“Photography is a complex and fluid medium, and its many factors are not applied in simple sequence. Rather, the process may be likened to the art of the juggler in keeping many balls in the air at one time!”
Ansel Adams, from the introduction to The Negative - The New Ansel Adams Photography Series / Book 2
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I haven't followed this thread closely enough to know what light source you will use for contact printing, but for some time I used a flashlight bulb mounted inside a steel can ( like a bean can ). On the open end, I made a little "shelf" out of cardboard with a circular hole that a normal camera filter could slip into. The contact printing light was thrown together in about 10 minutes from various scraps I found in my garage ( two "D" cell batteries, a flashlight bulb, some wire, and a switch to control the timing. I screwed the contraption to a piece of wood and mounted it about 4 feet above the surface where I used to make the contact prints. ) Those prints usually took between 1 and 2 minutes to make a nice contact.
Originally Posted by clothesontheline
Also, if you are going to use a filter, you can ignore my earlier suggestion about not using a fluorescent light. It would work provided you can rig it up so the light goes through the filter. These days I use an enlarger, but there was something fun about using a homemade "soup can light" too!
Another idea, that I haven't tried, would be to use a flashlight with the filter attached in a cardboard tube. Since you'll have helpers, they could turn it on and off, or you could use a piece of black card to block the light and time the exposures.
For a lower contrast print, you can use a grade 0 enlarging filter, or you can also use a green filter ( like commonly sold for black and white photography. )
When I was too lazy to setup my enlarger, I used to do contact prints using the room light. The 100W globe in the light fixture was too bright (couldn't flick the switch on and off quick enough!) but after replacing it with something (can't remember what wattage I used) it was useable. Flick the switch, count... one cat and dog, two cat and dog, three cat and dog... etc
Didn't a Weston use a light bulb for his contacts?
I ordered this 15w bulb http://www.bhphotovideo.com/c/produc..._15_watts.html as recommended to use when contact printing in this instructional: http://users.rcn.com/stewoody/darkcam2.htm but it didn't mention using a filter (they were using graded paper)
Originally Posted by NedL
I'm not sure whether the filter will be circular or rectangular, or even if I have it yet(my friend is getting back to me) so I may need some help to acquire one w/o buying an entire set. If its rectangular, I'll probably just masking tape it over the opening of the contraption I come up with.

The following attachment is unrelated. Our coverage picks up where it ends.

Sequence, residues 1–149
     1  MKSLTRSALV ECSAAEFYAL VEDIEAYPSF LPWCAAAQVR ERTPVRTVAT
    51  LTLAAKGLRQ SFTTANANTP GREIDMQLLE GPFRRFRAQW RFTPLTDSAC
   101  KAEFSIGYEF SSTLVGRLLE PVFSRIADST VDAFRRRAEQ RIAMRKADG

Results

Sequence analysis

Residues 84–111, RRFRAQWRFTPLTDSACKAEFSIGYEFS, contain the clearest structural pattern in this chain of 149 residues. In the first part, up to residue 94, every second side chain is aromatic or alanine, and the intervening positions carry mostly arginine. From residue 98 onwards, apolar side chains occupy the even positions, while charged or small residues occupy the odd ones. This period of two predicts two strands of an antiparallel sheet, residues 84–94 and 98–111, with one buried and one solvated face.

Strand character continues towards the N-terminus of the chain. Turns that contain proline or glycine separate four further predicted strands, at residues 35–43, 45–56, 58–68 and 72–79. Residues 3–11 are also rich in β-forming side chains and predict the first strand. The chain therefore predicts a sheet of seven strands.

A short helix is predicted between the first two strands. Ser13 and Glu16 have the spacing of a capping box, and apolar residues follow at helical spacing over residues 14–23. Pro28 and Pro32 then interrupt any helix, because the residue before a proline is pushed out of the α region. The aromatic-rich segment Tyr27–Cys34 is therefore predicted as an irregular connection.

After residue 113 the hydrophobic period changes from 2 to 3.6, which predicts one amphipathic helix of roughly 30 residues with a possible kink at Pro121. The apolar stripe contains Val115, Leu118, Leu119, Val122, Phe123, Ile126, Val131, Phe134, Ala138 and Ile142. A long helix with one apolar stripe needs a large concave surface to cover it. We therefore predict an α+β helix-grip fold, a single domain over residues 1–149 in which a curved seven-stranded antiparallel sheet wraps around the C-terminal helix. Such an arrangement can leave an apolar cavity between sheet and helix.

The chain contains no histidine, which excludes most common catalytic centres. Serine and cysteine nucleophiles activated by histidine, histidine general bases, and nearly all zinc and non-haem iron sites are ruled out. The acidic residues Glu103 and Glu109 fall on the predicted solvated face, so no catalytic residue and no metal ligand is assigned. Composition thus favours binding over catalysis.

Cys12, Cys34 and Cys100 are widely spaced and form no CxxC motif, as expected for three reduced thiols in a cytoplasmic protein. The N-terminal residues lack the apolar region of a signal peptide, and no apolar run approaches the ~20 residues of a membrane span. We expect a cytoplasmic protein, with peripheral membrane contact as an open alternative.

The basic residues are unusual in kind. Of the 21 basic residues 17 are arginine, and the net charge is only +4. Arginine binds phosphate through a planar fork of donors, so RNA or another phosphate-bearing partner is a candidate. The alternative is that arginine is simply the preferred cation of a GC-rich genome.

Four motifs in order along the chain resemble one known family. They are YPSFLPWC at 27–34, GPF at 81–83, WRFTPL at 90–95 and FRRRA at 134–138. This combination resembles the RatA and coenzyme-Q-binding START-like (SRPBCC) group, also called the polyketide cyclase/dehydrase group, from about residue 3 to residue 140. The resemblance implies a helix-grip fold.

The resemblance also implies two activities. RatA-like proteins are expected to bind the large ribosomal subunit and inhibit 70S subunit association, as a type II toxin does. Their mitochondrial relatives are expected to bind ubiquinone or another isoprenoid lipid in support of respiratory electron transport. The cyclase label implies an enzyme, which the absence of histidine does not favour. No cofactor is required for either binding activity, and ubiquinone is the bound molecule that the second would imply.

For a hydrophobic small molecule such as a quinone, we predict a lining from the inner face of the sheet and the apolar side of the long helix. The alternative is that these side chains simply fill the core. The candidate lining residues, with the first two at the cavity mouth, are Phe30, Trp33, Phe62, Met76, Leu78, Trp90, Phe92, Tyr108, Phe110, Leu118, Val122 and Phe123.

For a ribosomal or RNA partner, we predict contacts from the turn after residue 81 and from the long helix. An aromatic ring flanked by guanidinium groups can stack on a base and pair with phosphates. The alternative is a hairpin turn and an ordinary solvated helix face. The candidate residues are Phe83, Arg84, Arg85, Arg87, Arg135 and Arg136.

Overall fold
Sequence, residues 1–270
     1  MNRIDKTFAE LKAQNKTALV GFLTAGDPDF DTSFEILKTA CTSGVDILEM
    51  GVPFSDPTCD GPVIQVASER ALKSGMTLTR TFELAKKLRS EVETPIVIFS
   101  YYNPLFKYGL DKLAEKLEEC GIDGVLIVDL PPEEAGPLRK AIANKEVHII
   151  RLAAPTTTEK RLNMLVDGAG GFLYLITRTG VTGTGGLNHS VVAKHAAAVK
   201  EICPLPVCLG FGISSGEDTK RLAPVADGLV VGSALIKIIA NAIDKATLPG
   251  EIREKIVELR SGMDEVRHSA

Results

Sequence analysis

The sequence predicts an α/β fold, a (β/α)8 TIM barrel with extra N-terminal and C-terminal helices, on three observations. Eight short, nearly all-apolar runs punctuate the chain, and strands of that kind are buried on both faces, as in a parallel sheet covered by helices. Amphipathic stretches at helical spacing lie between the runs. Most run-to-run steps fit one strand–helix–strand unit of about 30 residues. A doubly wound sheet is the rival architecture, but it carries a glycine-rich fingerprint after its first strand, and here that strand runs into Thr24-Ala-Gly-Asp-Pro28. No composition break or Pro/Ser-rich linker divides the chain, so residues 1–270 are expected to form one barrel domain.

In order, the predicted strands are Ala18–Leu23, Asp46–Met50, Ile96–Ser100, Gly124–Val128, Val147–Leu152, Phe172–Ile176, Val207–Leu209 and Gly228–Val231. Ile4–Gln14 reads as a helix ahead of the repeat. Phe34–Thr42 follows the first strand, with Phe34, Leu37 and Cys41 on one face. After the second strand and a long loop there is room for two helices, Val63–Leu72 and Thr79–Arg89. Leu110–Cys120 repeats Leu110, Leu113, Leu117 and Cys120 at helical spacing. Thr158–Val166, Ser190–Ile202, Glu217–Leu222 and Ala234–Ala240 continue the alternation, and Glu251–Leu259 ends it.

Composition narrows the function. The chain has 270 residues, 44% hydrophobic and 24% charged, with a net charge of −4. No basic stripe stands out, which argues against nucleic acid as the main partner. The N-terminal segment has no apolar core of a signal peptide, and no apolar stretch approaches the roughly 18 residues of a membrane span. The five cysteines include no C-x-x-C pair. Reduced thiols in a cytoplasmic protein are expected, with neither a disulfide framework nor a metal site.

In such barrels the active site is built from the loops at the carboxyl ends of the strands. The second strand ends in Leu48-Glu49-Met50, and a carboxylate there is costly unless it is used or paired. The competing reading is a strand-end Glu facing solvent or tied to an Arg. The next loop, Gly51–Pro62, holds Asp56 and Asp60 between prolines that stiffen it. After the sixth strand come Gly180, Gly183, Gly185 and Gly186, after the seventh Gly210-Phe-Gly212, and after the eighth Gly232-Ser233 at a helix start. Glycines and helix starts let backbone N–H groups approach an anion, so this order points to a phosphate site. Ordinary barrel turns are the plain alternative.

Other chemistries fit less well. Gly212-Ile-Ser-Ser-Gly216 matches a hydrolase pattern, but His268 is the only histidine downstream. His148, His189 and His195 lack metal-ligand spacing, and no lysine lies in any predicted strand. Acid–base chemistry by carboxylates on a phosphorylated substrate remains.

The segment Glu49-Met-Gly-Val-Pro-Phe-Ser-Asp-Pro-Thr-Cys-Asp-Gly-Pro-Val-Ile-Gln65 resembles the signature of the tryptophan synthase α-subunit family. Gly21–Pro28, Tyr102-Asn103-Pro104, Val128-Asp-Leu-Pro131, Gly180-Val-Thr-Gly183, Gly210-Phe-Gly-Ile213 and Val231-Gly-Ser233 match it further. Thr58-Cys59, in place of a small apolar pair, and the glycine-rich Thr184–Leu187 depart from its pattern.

Do you have a picture of the thing you rigged up b4 the enlarger?
For the bulb did you just use a light socket w/ a wire? Like the type of thing others use for hanging their safelight?
Ha! No, it was really "jury rigged"... I soldered the wire to the bulb and just stuck it through a hole punched into the bottom of the can. I threw it together very fast, but it worked just fine and I used it for maybe a year.
I'll go and look and see if it is still in my closet ( aka "darkroom" ). If it is, I might be able to take a photo. It really was just as simple as it sounds... get the juice to the bulb with a way to turn it on and off in the dark.
Back in a few minutes!
OK here are some crummy photos. The first is the bean can looking up toward the ceiling of my closet. I'm holding the switch, which normally hangs down to where it can be used conveniently in the dark. The second picture ( holding the camera over my head and guessing -- sorry about the blur! ) shows that the batteries are on top of the wood held in place with cup hooks and rubber bands.
You can see the cardboard "shelf" which allows me to put a filter under the light. Also, there is only one hole punched in the can, on the side. I threaded the wire through it and soldered the light bulb to it. The bulb is just suspended in air near the top of the can... it's not held in by anything except the stiffness of the wire.
So, like I said, ugly and thrown together, but it actually served it's purpose for a long time before I got my enlarger. The cardboard is just held on with duct tape.
Last edited by NedL; 06-11-2013 at 06:48 PM. Click to view previous post history.